Also, this unwarranted, noncompliant APL was replaced by the conventional signage that should've been there in the first place.

Off topic but related: the first example was one of six Atlanta-area APLs that were modified to bring them into MUTCD compliance in 2017. The other five really should've had conventional signage, but instead of replacing the APLs, the road was restriped to reintroduce option lanes that had been in place originally but striped away many years earlier. This became this (with another instance upstream) and this became this (with two more instances downstream). It's not really relevant, but I thought bringing back the option lanes was a good idea regardless of signage considerations, and I've wondered whether GDOT agreed or if they did it just to save money while placating the FHWA. One data point is that the restriping was done shortly after repaving and repainting, so this change was obviously conceived and implemented in haste.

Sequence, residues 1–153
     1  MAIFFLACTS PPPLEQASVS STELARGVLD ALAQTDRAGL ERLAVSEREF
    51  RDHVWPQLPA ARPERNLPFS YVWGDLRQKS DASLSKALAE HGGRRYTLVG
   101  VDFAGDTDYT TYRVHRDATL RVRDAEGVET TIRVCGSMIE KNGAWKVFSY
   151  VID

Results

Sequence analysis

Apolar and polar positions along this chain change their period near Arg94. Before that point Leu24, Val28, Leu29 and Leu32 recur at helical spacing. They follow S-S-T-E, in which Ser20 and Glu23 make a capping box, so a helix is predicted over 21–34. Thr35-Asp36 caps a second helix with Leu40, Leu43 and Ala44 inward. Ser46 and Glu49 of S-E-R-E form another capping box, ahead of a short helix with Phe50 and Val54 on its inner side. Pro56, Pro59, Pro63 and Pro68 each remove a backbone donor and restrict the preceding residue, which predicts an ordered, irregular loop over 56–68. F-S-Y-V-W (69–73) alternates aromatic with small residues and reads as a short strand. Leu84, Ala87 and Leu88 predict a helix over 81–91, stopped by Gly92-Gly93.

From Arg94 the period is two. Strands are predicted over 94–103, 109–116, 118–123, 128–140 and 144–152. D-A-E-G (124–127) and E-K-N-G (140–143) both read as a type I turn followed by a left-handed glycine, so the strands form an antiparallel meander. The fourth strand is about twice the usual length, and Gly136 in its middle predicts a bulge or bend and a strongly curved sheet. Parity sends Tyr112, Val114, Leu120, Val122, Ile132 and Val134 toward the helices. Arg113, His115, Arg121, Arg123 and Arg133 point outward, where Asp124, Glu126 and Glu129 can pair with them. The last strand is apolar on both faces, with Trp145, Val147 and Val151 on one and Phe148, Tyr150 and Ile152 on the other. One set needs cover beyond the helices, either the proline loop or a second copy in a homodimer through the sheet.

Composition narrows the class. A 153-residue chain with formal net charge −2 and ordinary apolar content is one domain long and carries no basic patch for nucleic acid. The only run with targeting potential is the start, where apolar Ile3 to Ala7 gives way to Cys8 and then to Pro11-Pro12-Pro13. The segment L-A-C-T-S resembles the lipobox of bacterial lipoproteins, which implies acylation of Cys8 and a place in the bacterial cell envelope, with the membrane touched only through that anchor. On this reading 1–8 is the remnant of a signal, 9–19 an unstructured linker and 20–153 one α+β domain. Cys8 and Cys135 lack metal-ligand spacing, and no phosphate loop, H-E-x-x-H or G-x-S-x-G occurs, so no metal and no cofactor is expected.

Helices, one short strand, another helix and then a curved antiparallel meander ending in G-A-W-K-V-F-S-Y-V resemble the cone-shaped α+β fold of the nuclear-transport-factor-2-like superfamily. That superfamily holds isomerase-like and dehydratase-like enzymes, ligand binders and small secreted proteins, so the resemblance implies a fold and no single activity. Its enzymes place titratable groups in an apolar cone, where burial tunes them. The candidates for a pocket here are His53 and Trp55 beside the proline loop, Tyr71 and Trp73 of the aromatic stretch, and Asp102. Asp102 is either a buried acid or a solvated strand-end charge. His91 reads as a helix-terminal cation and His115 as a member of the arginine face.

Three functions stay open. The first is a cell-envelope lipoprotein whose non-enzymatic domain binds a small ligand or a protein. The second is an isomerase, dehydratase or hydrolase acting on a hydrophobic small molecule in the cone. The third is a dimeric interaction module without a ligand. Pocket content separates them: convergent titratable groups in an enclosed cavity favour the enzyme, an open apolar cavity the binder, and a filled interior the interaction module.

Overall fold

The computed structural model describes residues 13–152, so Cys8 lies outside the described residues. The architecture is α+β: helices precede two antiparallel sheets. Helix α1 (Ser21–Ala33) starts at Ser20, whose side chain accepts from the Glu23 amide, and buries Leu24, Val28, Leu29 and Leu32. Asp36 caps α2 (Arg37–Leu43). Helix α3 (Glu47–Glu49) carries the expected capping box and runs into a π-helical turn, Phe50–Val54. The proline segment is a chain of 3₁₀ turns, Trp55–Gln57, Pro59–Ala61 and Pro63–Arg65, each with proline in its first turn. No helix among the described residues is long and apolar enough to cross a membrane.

There's another sequence of APLs that was removed and replaced, but that was because the lane configurations were changed by a construction project, so that don't count.
« Last Edit: November 06, 2021, 07:24:20 AM by Tom958 »
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Great Lakes Roads

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Tom958

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Re: APL signage installed and later removed